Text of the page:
I often hear this kind of thing in design sessions...
|"Sure, the architecture would be better if we made it more extensible (or reliable, maintainable, etc.), but we just don't have the time."|
Beyond the standard BDUF vs. YAGNI debate, the tacit assumption here is that architectures that contribute to better extensibility, scalability, reliability, etc. are inherently "good", and those that don't, aren't. Sometimes, extensibility, for example, may need to be sacrificed to meet business goals, but in these cases the business consciously chooses the inferior architecture to survive.
In my opinion, the "goodness" of an architecture is only discernable within the context of the entity it's serving (e.g. business, organization, author, etc.). I submit (humbly!) this simple definition:
|A good architecture is one which meets the needs of the entity that funds its existence.|
In the example I first gave, the "good" architectural choice would actually be to not make the system extensible, since to make it extensible would be to exceed the schedule and budget. Sure, a more rigid system might incur more cost later in terms of refactoring, etc., but if the business isn't around later because of budget over-runs, how "good" is the architecture really?
The implications of this definition, I admit, feel kind of dirty at first. For example, it'd have to be claimed that a JSP page with the kitchen sink embedded in it (HTML, JDBC, business logic, the works) could actually be "good" architecture under certain business conditions - for instance if it's a non-business-critical stand-alone app, never to be touched again, and needed to be written by a coding newbie, etc.. In most cases, however, this single-layered JSP page would be what we expect - bad - since typically systems will need to be maintained, deadlines aren't COB tomorrow, etc., and so this architecture would cost the business more than it earns.
I guess my point is that the "goodness" of an architecture isn't some intrinsic property of the system, irrespective of the purpose it serves. I often see technologists join a new project, look at the source code, UML diagrams, etc. and immediately deride the architecture as a the worst slop they've ever seen. It's as though "good" architecture was some Platonic ideal, and whether the system helped the company make oogles of money (and give them a job to boot!) was just some periphery side-effect.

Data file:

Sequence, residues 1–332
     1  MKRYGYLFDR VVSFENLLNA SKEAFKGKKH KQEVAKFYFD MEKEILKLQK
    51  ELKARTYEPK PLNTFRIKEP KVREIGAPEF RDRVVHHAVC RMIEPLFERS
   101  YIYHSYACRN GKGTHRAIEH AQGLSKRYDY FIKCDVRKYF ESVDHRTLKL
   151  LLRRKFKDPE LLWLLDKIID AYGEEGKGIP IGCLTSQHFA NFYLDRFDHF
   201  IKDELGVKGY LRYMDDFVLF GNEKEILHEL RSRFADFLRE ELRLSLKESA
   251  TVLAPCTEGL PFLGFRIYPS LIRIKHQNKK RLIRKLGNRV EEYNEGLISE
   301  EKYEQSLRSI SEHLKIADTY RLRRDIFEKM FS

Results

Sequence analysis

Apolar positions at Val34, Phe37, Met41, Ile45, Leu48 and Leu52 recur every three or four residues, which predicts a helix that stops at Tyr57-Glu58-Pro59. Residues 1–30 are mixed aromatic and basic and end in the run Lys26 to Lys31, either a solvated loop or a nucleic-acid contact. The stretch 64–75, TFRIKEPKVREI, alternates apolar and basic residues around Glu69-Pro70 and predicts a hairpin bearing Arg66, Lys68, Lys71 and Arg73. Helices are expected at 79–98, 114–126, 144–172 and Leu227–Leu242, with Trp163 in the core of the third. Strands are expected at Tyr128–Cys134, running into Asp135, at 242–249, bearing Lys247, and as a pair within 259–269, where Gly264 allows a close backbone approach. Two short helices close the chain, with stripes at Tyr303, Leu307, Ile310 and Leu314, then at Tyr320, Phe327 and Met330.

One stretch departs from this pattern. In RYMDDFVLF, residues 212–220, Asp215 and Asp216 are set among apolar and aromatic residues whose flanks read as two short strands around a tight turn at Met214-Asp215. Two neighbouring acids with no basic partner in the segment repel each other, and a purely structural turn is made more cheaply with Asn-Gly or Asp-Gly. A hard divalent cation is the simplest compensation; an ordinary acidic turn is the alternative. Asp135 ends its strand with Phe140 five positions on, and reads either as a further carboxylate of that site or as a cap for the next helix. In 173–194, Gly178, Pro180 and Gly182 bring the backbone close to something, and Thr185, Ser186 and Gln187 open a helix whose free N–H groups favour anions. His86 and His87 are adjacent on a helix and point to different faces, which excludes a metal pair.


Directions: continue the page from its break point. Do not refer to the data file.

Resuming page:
Instead, as technologists, I think we need to better appreciate how business conditions drive architectural decisions, taking into consideration not only functional and non-functional requirements, but business conditions like operating costs, cash-flow, time-to-market goals, and others. It is these things that "good" architecture is a function of, not just the architectural concepts (e.g. coupling, cohesion, separation of concerns, etc.) we usually think in terms of.
For example, if I'm working for a start-up that has only 2 months of funding left, then the architecture that facilitates the quickest release is in fact the best one, regardless of whether it just consists of PHP pages and a MySQL database, and not some elegant ORM persistence layer or flexible rules engine. If the architecture allows the company to land that first client or next round of funding, then by the very virtue of it supporting their success, it is "good".
I need to make clear that I'm not advocating cutting the corners of maintainability, extensibility, performance, etc. for the sake of laziness itself. These things typically do help businesses and should be designed for. However, when they actually hinder the business's end goals, they should just as readily be jettisoned, and without an ounce of guilt. Letting go of extensibility so that your business can survive is not promoting bad architecture. In fact, just the opposite!
I'd love to hear what you think. Do you buy this? Does "good" architecture depend on the business context, or could you look at the system artifacts alone and tell whether the architecture is "good"?